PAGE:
Pakistan military in Swat Valley in 2009 Pakistan military in Swat Valley in 2009 Image credit: Al Jazeera English

It is not long ago that the success of the lawyers’ movement provided the people of Pakistan with some hope of a stable and prosperous country. This resistance helped in removing a dictator and in installing a democratic government in the country. However, the question remains, did this change anything in Pakistan? Many would say it has not as the security situation in the country has been deteriorating and the government’s strategies have failed to protect its people from terrorists, both local and foreign.

Is Pakistan a failed state?

For any modern state, the protection of its sovereignty is very important, which the government of Pakistan has failed to do in recent times. There are a mix of security, political and economical factors that have led to Pakistan being given the title of a failing state.

The 2012 Failed States Index, refers to a failing state as a country with an alarming situation, meaning it is on its way to becoming a failed state. Pakistan is currently ranked 13th on the 2012 Failed State Index. However, there are only two states on the index that are defined as completely failed states, Somalia and Congo. This demands some discussion on what is saving Pakistan from becoming a failed state.

In my opinion, it is the existence of institutions that modern states have, such as judiciary, businesses, bureaucracy, law enforcement agencies etc. Nonetheless, we can question the operations of some, or all, of these institutions because Pakistan continues to suffer from widespread corruption. The Transparency International’s 2012 report found corruption on the rise in Pakistan. Overall, a corruption of PKR 12,600 billion was reported in different sectors of the country, ranking Pakistan 33rd out of 176 countries.

Who controls Pakistan?

Can we label Pakistan a failed state merely based on its deteriorating security? I do not think so.
In Pakistan and abroad, there is another point of view on Pakistan that does not consider it a failed state, however considers it a state controlled by a few elites and a government that is unable to manage parts of the country.

For example, under the Federal Government of Pakistan, the state cannot practice its authority in the Federally Administered Tribal Areas (FATA). However, the government has still not been able to practice its authority in areas directly under its control like Karachi – the financial capital of Pakistan - that has been exposed to extensive political and ethnic violence.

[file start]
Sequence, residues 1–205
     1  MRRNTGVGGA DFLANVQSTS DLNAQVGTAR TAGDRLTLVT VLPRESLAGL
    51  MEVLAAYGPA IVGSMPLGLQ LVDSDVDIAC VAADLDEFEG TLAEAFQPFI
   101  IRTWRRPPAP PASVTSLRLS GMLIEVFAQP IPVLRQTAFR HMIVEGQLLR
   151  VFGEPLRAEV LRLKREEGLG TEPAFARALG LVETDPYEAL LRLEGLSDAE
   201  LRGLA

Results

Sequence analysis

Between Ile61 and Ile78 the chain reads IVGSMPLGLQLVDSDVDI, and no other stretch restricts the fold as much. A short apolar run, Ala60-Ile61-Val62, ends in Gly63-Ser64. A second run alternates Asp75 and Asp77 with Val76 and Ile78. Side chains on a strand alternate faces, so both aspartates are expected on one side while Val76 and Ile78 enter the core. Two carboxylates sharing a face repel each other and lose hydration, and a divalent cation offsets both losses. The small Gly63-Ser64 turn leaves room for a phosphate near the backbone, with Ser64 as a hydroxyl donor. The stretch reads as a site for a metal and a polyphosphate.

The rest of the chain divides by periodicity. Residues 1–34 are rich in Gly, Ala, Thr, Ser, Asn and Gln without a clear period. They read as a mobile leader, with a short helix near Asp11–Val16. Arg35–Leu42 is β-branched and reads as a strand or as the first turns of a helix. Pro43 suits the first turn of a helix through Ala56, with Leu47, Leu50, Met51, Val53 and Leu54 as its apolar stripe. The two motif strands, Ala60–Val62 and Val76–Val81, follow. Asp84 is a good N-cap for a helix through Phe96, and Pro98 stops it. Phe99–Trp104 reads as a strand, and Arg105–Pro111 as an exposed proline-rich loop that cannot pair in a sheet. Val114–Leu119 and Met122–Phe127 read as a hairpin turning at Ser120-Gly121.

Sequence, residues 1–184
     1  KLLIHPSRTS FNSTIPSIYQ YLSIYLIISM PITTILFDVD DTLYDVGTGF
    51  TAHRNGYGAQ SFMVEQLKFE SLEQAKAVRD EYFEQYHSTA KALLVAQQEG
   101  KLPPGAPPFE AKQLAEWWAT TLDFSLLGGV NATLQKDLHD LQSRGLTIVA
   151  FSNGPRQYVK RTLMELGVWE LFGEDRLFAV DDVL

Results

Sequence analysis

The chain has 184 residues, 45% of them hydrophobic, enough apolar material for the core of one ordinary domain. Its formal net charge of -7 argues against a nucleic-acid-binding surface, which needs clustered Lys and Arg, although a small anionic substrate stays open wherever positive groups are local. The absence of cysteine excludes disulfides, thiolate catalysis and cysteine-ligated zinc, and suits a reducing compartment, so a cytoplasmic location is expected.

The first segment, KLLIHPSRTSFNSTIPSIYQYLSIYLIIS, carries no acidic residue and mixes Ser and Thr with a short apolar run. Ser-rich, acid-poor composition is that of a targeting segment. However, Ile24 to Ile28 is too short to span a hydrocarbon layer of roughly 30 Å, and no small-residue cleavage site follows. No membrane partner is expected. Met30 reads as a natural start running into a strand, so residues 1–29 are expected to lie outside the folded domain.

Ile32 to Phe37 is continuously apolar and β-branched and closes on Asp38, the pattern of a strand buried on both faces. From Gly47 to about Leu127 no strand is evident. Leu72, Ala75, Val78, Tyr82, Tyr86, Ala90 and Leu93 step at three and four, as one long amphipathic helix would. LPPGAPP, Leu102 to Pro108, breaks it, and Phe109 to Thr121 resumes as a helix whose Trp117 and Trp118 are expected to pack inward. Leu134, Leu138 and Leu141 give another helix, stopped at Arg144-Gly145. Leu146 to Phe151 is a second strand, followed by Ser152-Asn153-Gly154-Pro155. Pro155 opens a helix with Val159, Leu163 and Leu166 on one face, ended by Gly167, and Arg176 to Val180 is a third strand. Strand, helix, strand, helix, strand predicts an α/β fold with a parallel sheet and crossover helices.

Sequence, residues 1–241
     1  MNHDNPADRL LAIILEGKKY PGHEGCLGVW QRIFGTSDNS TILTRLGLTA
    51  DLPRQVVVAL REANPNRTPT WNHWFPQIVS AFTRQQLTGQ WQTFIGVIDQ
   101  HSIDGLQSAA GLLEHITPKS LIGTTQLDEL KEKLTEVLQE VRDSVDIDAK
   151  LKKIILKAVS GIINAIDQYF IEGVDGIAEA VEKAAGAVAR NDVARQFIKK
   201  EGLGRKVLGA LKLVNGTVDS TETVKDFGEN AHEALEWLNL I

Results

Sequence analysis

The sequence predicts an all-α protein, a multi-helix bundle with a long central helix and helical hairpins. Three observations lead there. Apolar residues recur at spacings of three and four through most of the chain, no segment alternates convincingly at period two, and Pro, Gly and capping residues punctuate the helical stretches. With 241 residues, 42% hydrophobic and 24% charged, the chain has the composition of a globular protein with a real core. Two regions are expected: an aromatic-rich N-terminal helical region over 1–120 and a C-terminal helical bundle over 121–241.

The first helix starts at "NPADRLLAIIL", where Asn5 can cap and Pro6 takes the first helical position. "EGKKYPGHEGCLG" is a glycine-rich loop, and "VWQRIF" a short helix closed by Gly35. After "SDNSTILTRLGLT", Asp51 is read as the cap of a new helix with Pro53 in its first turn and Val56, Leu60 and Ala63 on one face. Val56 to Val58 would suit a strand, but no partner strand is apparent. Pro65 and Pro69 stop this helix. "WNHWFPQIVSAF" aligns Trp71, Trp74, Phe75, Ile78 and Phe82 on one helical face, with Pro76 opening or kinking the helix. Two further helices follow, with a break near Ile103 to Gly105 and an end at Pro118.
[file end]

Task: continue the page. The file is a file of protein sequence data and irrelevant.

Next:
Nevertheless, most of Pakistan is still under the state’s control. One such example of this is that the state recently managed to block mobile phone services in major areas of the country in a bid to stop planned terrorism plots. Therefore, can we label Pakistan a failed state merely based on its deteriorating security? I do not think so.

In some small ways, there are examples of democracy, proving to be a far better option than dictatorship in the country. For instance, in November 2012 the Pakistan Senate passed a resolution to de-weaponise Karachi; however, no one knows when the actualization of this important decision will be viable.

The country’s army is still very much a key player in democratic Pakistan due to the ongoing reliance on the foreign funding, which is strongly linked Pakistan’s commitment against terrorism. The international community has been demanding Pakistan show some positive results from its efforts against terrorism and extremism in return for the billions of dollars of aid that has been given. The United States of America has perhaps been the most vocal for demanding such proof. Pakistan’s economic, political and security situation have made it vulnerable, and led many to think it is failing.